Is Alzheimer's contagious? What new study says

disorientation, confusion
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(CBS) Is Alzheimer's disease contagious?

A provocative new study may have you pondering that question next time you offer a hug and a kiss to someone affected by the devastating neurological disease. It showed that the brains of mice injected with tissue from a human with Alzheimer's exhibited changes characteristic of the disease - suggesting that some cases of Alzheimer's may spread from person to person in much the same way that "mad cow" disease spreads.

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"Our findings open the possibility that some of the sporadic Alzheimer's cases may arise from an infectious process, which occurs with other neurological diseases such as mad cow and its human form, Creutzfeldt-Jakob disease," study author Dr. Claudio Soto, professor of neurology at the University of Texas Medical School at Houston, said in a written statement.

Creutzfeldt-Jakob disease (CJD) is a so-called "prion" disease - meaning it is caused by misshapen protein molecules scientists call prions. Prions slowly destroy the brain tissue of infected people by causing a cascade of misshapen proteins. They're known to spread via consumption of contaminated food, by getting a transfusion of blood or tissue transplant from someone who is infected, and during surgery (because the conventional methods of sterilizing surgical instruments don't work against prions).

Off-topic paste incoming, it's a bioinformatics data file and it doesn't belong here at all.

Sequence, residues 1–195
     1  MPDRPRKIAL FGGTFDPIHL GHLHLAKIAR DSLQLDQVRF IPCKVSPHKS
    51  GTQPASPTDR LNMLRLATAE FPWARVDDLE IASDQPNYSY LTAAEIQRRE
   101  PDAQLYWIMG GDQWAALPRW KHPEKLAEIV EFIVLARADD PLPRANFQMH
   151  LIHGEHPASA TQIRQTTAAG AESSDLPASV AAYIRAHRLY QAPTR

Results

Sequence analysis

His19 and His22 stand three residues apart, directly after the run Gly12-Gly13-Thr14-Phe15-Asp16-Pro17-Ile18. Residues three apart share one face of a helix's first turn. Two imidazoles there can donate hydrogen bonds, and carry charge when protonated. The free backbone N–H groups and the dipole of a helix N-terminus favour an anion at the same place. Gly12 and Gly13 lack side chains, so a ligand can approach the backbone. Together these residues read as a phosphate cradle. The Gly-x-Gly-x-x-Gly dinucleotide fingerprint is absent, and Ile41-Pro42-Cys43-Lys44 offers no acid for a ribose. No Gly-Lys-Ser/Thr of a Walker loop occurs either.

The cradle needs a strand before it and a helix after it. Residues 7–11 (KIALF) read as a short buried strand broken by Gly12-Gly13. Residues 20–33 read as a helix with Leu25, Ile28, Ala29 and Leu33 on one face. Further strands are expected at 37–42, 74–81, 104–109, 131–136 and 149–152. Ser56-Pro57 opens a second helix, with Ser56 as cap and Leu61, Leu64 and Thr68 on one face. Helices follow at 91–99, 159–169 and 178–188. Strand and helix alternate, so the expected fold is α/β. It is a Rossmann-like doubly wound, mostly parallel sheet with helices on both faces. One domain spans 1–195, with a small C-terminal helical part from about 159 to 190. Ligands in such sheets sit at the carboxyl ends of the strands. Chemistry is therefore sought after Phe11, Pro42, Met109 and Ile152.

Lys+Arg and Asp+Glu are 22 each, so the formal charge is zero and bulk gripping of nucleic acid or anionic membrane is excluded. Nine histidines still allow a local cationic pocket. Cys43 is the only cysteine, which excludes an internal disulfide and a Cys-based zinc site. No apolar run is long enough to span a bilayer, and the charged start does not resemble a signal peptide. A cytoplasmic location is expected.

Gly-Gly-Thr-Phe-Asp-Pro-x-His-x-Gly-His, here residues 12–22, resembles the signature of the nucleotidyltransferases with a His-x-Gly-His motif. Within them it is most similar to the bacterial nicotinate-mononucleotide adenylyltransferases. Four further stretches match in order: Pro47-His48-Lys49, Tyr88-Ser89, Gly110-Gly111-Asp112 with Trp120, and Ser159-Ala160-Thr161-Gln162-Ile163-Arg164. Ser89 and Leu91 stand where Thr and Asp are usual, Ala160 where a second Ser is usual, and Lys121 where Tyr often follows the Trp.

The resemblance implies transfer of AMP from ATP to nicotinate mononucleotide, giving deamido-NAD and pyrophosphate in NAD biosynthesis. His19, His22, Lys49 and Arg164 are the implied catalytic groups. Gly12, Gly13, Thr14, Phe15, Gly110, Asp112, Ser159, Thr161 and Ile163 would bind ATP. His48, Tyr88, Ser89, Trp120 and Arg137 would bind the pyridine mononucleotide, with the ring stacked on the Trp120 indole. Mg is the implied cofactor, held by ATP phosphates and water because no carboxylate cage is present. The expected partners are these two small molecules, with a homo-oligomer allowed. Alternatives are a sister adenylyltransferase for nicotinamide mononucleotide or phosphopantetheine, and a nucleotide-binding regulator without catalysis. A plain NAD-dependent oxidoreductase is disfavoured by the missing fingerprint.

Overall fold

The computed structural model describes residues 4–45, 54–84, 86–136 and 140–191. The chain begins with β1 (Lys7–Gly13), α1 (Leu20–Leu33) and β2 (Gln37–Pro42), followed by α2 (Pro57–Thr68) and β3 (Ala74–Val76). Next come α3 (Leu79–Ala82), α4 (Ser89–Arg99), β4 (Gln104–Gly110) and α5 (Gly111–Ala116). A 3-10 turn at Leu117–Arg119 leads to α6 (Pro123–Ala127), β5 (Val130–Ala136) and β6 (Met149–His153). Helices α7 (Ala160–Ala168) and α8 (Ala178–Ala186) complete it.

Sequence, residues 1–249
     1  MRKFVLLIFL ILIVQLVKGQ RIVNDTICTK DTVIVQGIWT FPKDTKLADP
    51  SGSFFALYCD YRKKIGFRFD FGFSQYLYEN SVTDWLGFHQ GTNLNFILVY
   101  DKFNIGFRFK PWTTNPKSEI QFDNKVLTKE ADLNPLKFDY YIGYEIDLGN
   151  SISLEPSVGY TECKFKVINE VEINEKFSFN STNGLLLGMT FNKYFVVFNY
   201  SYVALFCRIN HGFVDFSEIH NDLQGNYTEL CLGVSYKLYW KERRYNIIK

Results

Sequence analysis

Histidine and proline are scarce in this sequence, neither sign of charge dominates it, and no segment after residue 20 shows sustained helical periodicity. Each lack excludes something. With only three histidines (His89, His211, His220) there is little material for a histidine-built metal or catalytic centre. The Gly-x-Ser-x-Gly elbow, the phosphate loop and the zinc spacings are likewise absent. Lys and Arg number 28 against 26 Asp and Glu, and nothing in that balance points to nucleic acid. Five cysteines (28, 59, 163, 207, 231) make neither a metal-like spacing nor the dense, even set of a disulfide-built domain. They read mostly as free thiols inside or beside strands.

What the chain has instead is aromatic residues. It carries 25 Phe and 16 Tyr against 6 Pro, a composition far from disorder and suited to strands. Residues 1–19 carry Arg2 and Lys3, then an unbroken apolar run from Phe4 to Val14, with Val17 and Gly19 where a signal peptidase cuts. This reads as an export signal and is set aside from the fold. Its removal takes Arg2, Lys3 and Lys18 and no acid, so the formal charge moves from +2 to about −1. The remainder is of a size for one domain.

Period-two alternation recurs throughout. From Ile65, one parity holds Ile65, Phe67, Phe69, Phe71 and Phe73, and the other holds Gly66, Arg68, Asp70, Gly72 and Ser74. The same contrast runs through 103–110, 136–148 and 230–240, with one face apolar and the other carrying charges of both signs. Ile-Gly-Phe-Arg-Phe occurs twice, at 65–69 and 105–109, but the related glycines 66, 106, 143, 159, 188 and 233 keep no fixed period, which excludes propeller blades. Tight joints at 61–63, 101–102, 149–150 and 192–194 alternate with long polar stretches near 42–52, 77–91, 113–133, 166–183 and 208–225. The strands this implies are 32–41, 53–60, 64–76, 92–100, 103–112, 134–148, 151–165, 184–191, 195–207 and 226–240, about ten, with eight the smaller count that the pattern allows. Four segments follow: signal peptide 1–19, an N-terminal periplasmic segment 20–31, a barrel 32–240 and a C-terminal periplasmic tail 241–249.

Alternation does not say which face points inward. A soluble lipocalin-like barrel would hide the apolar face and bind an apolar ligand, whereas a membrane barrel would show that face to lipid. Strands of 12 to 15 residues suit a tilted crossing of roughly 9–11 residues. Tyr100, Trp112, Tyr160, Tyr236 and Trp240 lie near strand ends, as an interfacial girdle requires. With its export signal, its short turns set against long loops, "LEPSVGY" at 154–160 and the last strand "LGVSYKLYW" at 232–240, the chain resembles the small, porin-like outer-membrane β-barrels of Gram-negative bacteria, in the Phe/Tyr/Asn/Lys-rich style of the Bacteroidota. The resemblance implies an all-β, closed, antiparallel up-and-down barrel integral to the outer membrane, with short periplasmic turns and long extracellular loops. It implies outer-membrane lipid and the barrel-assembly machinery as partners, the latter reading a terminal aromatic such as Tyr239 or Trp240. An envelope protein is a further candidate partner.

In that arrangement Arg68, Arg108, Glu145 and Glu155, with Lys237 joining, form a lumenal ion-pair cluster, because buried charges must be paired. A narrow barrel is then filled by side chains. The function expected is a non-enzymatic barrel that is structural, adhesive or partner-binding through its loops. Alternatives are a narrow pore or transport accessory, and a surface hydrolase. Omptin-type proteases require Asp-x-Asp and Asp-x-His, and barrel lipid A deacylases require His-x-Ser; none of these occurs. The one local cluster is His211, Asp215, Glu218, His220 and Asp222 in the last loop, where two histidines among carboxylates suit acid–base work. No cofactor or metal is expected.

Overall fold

Dr. Soto's study - published in the Oct. 4, 2011 online issue of Molecular Psychiatry - represents preliminary, "proof of concept" research. But if it's corroborated by more studies, it suggests that the risk of developing Alzheimer's may be dramatically curtailed by screening blood and rethinking procedures used in surgery.

Dr. Soto said that even if the research is corroborated, it will probably still make sense for people to do what they can to avoid well-known risk factors for Alzheimer's, such as high blood pressure, smoking, and weight gain.

"Environmental risk factors may still accelerate the disease or increase the risk even in cases in which there is an infectious origin," he told CBS News in an email. "Besides, it is likely that only a proportion of the cases may occur by transmission and many other may still be associated to environmental risk factors."

As for withholding that hug from a beloved Alzheimer's patient, Dr. Soto said there's no need for such dramatic precautions.

"We know that there is no risk that family members of people with prion diseases," he told CBS News. "There are no cases of disease in relatives. The prions don't go through the air."

Alzheimer's is a fatal disease that affects memory, thinking, and behavior. There are an estimated 5.4 million cases in the U.S. Dr. Soto said that about 10 percent of cases result from mutant genes that are passed down from parent to child. But about 90 percent are "sporadic," meaning they occur without any obvious cause. Those are the cases that might prove to be preventable, Dr. Soto said.


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